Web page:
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banks, retailers, but schools? yeah. schools. to hillary vaughn with the very latest on that. what is going on, hillary? reporter: hey, neil. it is happening more often as schools become more high-tech, now hackers are posing a higher threat to kids in the u.s. fbi says cyber threats are hitting schools more often and the attacks are more dangerous and sinister. so far hackers targeted over 30 schools coast to coast. it is not just data they are holding ransom. it is safety and privacy of american schoolchildren. these hackers are getting their hands on student names, addresses, social security numbers and birthdays. they can access a student's grades, disciplinary records, even their medical records. if schools don't pay up, some hackers are threatening to expose students information to predators n iowa, one school district said their hacker released students names and addresses online. the hackers sent threatening text messages to the parents,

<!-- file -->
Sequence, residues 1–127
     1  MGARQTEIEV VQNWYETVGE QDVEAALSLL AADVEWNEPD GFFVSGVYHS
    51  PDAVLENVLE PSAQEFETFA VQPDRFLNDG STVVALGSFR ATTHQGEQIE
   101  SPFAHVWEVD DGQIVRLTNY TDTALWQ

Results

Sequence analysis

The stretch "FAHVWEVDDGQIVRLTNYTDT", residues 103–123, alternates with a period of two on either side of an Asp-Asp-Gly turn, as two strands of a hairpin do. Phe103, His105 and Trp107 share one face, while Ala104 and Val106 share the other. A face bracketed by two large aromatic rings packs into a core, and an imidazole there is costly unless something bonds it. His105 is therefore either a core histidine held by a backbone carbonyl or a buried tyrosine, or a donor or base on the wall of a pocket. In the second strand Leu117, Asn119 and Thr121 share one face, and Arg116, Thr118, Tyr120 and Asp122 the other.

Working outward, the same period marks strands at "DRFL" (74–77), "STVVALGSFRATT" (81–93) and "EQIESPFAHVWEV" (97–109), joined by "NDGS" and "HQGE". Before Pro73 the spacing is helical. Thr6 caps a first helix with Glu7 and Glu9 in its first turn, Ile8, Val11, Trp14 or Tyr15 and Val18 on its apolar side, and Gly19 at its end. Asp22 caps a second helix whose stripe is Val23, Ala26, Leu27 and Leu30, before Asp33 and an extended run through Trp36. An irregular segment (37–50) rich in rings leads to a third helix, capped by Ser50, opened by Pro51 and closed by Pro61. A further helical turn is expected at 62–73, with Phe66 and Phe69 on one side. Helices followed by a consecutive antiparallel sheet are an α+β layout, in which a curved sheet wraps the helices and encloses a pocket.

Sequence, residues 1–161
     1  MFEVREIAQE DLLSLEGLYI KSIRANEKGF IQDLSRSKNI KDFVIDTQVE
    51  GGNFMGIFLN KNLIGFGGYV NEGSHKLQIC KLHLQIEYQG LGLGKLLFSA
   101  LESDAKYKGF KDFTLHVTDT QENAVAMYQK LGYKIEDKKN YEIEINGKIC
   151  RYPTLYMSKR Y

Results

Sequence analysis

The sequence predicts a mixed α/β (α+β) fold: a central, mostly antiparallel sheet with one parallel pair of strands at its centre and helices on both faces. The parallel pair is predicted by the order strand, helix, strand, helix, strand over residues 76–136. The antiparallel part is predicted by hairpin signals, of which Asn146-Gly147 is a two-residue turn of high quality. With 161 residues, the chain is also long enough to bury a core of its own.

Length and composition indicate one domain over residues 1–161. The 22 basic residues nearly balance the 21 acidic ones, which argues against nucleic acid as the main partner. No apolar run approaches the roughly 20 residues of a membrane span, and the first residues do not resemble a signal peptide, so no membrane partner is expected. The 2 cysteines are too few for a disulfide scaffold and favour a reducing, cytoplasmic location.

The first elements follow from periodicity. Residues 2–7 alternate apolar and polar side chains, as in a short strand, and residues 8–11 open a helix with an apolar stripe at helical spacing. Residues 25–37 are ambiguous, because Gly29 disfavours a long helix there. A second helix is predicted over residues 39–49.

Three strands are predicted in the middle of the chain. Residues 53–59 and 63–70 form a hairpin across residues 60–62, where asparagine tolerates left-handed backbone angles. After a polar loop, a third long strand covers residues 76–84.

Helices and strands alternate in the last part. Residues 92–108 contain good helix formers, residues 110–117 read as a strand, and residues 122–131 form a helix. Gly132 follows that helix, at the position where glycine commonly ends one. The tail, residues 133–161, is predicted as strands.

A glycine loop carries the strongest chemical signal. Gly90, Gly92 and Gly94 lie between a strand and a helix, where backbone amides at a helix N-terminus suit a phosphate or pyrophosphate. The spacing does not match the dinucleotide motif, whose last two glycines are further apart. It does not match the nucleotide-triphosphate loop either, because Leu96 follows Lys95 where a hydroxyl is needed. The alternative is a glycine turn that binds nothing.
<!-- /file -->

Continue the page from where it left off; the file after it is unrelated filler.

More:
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some including death threats. school was canceled in response. the fbi says these cyber extortion cases are costing targets more each year. valley college here in los angeles paid $28,000 ransom in january. schools in atlanta, boston, and georgia had direct deposit paychecks intercepted by hackers and rerouted to unauthorized accounts leading schools to make up difference. a lot of the incidents go underreported. the fbi says only 15% of cybercrime victims involve law enforcement. neil. neil: thank you, hillary, very much. scary stuff for parents and kids and their private lives. the president is open to having a lot of tech companies expose more details about political ads. after all the russia medical, or meddling claims. deirdre bolton is here with that. reporter: president trump spoke with our colleague maria bartiromo, he said well, i'm open to looking at tech companies. neil: right, right heart.